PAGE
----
If we spent one tenth the energy working on high school graduation rates, we'd have both a more powerful impact on the truly disadvantaged and a more significant impact on college attendance. The problem is, the middle class and the upper class aren't worried about their kids graduating from high school, and so talk of those problems doesn't resonate with large swaths of the electorate. And that all points to the underlying dynamic here and elsewhere in Democratic rhetoric: Progressives now try to address poverty in the context of the middle class -- they seek out economic issues which could aid the poor but have plenty of relevance up the income ladder. In doing, they ignore the most destructive and entrenched pathologies and problems, as those tend to be rather rare among higher income earners, and for that reason much more damaging to those caught in their grip. The ultimate problem here is that the poor rarely votes, while the middle class does, and it's damn hard for politicians to figure out how to focus the electorate on things that aren't their problem.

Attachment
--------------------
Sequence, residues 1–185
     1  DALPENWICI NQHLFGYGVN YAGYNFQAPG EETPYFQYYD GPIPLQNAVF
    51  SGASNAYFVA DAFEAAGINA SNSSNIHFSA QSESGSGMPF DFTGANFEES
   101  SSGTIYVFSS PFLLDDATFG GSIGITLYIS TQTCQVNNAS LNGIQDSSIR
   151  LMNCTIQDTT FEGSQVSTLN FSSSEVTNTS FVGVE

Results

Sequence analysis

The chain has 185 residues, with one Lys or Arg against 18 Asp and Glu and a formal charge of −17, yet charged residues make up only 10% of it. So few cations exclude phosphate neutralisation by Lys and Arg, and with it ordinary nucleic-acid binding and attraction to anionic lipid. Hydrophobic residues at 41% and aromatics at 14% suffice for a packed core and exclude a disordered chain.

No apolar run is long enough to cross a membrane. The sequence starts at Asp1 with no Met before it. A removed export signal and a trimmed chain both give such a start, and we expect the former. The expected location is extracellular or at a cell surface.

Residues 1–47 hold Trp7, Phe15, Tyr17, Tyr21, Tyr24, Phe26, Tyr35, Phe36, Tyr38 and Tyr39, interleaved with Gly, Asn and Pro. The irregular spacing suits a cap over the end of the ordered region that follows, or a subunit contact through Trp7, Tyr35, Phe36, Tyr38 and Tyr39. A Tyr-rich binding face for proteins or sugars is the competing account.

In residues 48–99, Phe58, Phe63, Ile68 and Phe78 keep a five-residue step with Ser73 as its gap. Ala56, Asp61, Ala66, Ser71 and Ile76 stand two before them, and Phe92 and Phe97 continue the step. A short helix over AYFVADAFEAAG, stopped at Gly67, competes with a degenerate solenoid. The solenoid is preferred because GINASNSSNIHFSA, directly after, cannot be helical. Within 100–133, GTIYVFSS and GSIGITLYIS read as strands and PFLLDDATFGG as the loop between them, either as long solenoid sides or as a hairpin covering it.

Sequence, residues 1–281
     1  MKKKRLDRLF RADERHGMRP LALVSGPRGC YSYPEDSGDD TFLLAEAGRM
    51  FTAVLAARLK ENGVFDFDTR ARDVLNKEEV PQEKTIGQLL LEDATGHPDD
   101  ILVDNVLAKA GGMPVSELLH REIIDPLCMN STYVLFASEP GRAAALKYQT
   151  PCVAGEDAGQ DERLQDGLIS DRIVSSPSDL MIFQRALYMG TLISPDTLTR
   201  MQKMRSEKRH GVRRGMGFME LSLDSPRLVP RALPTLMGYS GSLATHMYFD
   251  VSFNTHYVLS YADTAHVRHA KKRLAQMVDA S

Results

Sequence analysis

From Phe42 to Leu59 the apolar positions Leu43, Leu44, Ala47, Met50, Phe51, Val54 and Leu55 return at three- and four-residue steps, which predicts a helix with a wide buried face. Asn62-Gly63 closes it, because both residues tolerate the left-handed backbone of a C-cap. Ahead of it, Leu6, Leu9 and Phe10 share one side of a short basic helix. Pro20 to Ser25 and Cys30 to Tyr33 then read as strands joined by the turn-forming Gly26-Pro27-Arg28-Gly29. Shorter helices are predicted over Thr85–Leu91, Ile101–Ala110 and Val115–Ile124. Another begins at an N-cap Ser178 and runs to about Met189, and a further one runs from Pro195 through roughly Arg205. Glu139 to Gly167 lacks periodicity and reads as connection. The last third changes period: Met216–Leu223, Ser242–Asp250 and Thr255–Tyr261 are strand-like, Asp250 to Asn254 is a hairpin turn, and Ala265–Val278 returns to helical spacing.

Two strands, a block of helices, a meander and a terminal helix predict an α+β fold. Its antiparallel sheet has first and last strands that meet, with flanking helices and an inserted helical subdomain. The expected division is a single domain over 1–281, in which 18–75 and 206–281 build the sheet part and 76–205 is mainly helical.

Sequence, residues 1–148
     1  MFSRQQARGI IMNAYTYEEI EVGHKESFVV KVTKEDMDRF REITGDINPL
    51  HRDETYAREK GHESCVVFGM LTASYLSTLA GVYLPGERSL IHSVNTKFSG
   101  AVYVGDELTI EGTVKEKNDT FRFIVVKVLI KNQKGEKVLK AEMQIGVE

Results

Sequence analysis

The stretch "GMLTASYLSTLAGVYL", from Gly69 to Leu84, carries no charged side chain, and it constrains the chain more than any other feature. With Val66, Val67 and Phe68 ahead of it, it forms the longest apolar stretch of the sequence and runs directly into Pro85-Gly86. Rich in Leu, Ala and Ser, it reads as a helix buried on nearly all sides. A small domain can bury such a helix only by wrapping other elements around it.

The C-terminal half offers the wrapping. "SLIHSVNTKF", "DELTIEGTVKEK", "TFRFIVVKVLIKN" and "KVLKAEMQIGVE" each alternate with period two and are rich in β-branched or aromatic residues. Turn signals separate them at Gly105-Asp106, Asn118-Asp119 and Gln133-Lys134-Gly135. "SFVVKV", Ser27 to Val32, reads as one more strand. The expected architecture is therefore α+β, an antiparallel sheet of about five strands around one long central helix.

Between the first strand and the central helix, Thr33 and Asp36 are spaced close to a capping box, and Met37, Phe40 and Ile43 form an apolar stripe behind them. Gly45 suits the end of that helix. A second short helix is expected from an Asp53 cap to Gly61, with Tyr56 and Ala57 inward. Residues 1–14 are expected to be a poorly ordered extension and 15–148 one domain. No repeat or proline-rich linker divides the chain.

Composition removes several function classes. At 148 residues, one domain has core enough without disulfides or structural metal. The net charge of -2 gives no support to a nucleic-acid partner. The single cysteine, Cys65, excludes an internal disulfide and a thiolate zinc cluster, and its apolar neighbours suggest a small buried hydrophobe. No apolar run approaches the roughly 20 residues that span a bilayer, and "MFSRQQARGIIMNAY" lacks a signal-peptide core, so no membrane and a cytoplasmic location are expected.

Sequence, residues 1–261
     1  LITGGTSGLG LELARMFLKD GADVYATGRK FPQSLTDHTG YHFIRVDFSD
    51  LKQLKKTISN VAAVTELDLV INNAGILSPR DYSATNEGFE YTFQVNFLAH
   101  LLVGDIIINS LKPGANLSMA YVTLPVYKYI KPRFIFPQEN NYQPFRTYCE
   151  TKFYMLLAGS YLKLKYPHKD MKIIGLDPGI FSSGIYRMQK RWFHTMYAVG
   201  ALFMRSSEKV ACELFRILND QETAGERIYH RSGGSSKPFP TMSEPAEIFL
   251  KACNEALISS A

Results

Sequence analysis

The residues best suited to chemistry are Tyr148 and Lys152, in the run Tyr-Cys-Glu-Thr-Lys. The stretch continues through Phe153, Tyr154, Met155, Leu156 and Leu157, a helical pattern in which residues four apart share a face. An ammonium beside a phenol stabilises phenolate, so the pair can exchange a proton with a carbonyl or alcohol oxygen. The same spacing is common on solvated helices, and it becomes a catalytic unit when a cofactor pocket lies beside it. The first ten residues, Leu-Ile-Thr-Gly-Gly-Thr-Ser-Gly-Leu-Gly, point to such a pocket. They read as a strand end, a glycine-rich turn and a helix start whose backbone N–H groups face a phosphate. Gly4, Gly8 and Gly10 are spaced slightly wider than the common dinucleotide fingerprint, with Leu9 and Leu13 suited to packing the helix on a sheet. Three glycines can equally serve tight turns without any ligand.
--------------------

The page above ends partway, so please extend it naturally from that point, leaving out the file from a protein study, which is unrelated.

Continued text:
But it is their problem. Residential self-segregation and housing premiums for good school districts and restrictive zoning codes to limit the enrollment in the high schools and the positional arms races to get into the fifty or so colleges claiming to be in the U.S. News top ten are all reactions to those "destructive and entrenched pathologies," no?

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